Do Plants Need Light?
Author(s): Nancy Moreno, PhD, and Barbara Tharp, MS.
- Have students rinse away the soil and compare the final masses (in grams) of the plants in pots 1–2 vs. those in pots 3–4.
- As an alternative investigation, conduct the same activity with corn seeds (a monocot), and compare the results.
- Help students to “see” chlorophyll, the pigments essential for converting light energy into chemical energy (food molecules), by placing a handful of crushed fresh leaves (any kind) into a clear container filled with about 2 cm of rubbing alcohol. Stir the mixture briefly and insert the tip of a strip of coffee filter paper into the alcohol. The chlorophyll pigments will travel up the paper strip and form a green band that will be visible after about 1/2 hour. This method of separating chemicals in solution is known as paper chromatography.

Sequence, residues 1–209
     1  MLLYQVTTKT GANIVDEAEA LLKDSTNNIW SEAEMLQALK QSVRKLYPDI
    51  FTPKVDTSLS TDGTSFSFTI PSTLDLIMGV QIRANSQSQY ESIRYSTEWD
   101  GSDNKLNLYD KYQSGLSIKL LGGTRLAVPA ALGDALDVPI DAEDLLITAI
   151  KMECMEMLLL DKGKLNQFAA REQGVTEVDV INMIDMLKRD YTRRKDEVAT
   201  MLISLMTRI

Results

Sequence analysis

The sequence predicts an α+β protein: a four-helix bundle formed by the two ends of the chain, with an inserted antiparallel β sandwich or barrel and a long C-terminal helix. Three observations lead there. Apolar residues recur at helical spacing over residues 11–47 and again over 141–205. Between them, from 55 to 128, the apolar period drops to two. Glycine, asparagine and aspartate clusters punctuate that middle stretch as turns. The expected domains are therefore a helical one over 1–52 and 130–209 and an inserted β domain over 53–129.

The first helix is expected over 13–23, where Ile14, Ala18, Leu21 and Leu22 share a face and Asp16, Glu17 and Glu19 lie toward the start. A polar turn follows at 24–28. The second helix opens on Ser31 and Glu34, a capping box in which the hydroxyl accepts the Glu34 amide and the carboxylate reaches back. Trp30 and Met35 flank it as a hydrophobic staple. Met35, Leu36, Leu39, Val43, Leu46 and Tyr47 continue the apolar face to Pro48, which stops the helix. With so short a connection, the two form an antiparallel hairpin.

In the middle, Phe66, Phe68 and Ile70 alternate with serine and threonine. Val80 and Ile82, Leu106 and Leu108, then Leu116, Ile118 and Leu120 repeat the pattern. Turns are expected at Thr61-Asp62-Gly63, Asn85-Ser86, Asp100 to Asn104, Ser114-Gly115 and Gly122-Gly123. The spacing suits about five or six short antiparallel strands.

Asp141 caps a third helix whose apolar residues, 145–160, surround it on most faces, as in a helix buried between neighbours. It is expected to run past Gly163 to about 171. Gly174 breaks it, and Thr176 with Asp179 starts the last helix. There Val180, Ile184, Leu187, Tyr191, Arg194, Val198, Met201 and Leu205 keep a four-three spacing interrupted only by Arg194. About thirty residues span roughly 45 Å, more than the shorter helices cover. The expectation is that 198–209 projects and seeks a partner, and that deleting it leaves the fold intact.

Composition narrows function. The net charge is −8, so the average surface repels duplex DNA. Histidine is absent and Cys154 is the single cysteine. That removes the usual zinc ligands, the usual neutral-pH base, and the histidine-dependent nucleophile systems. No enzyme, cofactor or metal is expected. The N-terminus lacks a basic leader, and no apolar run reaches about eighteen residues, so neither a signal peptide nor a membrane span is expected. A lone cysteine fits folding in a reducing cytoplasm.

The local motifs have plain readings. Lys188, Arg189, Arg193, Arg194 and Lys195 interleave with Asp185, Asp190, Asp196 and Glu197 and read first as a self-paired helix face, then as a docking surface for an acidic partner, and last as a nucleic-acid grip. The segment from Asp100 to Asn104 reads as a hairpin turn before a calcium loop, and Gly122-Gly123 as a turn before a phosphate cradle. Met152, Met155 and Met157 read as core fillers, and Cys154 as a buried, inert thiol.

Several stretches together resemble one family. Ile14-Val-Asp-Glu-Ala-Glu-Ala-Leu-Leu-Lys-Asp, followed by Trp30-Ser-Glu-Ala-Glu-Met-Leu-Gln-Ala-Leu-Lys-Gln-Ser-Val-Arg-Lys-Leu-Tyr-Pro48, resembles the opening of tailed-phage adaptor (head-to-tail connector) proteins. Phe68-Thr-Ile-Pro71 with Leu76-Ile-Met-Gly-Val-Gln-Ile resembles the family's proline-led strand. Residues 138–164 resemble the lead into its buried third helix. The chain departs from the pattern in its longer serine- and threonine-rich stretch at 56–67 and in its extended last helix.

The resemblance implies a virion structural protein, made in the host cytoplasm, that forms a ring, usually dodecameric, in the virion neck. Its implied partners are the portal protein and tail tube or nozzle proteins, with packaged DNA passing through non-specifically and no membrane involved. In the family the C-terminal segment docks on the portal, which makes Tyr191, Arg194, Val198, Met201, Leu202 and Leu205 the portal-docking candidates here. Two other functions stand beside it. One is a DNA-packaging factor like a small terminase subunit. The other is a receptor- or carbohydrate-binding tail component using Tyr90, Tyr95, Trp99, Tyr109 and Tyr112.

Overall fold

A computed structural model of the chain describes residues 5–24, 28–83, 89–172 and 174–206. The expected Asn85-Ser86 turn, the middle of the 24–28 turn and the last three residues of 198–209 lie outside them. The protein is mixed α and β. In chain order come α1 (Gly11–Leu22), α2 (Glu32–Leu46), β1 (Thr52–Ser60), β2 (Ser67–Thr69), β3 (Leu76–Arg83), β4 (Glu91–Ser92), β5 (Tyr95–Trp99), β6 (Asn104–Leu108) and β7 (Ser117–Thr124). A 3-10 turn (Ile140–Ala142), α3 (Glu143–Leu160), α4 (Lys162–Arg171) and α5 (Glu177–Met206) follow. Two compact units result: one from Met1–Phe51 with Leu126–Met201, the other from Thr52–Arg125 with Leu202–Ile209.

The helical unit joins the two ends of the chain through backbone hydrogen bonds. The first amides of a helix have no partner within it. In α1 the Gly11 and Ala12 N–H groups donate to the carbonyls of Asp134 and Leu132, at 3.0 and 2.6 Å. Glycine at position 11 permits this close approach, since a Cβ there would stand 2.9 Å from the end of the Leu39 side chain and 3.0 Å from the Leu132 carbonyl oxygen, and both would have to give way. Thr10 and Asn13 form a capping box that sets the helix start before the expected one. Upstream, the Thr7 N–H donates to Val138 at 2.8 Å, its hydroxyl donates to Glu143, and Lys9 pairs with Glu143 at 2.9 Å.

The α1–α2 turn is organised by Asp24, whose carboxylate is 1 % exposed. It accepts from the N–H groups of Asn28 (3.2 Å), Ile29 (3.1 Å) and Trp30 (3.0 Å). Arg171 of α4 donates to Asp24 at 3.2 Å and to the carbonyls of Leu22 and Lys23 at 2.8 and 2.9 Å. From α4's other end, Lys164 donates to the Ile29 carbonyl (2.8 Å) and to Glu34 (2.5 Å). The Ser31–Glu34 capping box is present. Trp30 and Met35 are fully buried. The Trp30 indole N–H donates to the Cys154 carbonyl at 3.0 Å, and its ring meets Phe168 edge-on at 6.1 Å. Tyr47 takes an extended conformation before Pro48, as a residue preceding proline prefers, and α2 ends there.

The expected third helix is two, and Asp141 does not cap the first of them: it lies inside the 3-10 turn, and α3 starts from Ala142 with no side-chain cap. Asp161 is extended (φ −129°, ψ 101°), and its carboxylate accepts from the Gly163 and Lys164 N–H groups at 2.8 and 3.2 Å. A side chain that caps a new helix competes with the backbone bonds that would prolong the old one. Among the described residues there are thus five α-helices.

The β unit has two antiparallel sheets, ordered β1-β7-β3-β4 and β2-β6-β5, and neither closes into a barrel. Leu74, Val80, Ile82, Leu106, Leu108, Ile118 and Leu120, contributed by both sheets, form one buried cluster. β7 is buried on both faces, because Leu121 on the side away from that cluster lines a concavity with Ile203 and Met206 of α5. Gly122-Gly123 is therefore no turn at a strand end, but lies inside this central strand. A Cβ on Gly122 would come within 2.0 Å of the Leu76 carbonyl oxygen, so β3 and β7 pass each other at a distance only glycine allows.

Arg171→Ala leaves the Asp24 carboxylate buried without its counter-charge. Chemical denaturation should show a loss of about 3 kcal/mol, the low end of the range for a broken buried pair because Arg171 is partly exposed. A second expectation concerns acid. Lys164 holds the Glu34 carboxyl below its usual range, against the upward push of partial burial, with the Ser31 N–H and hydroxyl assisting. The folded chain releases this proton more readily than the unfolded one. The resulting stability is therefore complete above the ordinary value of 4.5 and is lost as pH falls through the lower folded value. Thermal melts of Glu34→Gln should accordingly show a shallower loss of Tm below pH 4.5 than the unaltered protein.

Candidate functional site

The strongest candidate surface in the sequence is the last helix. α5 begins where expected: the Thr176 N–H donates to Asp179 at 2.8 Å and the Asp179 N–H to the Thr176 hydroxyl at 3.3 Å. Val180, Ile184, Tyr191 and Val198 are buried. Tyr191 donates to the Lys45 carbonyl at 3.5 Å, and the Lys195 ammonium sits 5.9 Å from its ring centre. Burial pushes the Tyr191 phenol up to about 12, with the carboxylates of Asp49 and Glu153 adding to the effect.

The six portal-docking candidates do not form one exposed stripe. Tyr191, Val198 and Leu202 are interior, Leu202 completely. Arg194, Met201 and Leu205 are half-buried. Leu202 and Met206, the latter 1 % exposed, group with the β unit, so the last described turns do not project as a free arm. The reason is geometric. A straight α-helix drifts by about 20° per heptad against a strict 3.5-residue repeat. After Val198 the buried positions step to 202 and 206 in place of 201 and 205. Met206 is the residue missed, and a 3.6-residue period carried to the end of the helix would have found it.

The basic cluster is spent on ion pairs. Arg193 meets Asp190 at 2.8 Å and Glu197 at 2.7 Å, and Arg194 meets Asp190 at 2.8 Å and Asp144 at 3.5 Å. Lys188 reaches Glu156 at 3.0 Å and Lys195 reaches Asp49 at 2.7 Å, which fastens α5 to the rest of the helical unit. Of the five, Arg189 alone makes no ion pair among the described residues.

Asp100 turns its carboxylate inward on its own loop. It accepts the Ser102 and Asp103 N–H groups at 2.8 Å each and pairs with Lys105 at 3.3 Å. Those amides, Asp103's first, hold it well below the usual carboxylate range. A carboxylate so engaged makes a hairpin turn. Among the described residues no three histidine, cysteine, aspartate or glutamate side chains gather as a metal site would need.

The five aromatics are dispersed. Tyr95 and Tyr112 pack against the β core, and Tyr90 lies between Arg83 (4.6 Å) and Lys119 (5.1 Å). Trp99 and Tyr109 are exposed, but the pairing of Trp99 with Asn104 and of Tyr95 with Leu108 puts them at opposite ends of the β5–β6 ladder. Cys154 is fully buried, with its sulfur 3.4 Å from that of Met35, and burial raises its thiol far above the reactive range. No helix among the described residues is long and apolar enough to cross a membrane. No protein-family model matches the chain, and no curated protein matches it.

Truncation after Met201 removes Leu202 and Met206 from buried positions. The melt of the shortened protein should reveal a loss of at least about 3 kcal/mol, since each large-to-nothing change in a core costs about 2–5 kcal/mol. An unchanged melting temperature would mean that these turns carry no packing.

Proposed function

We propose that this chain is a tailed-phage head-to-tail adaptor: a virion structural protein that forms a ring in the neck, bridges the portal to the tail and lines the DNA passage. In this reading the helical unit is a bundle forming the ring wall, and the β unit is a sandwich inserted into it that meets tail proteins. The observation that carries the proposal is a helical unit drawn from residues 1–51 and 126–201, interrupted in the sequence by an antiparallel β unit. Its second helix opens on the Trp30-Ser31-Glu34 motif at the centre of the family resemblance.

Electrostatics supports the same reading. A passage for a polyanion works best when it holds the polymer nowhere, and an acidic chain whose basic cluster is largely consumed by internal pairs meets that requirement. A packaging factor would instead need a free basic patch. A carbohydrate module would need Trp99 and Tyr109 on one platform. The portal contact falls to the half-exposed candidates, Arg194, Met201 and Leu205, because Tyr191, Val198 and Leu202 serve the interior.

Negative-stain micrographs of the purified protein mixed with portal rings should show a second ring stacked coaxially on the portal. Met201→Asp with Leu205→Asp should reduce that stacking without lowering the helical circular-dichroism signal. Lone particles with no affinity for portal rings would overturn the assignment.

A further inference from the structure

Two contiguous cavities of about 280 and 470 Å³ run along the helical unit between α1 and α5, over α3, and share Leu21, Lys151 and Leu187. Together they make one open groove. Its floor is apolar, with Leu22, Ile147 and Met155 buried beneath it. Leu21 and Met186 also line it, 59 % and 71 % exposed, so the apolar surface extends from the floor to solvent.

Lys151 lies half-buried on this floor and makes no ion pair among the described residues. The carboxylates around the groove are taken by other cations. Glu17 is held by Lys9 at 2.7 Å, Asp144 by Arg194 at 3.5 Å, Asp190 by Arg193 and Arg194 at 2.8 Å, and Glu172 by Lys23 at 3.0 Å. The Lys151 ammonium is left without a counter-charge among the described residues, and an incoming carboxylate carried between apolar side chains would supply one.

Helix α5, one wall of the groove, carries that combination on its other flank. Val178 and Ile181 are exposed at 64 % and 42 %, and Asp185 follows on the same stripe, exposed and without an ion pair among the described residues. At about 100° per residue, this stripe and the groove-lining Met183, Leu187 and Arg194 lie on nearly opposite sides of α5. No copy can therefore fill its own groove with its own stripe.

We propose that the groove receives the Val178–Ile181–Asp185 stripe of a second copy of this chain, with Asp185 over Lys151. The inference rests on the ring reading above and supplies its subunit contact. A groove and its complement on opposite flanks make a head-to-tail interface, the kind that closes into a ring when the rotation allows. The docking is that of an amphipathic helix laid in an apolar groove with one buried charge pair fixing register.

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Funded by the following grant(s)
My Health My World: National Dissemination
Grant Number: 5R25ES009259
The Environment as a Context for Opportunities in Schools
Grant Number: 5R25ES010698, R25ES06932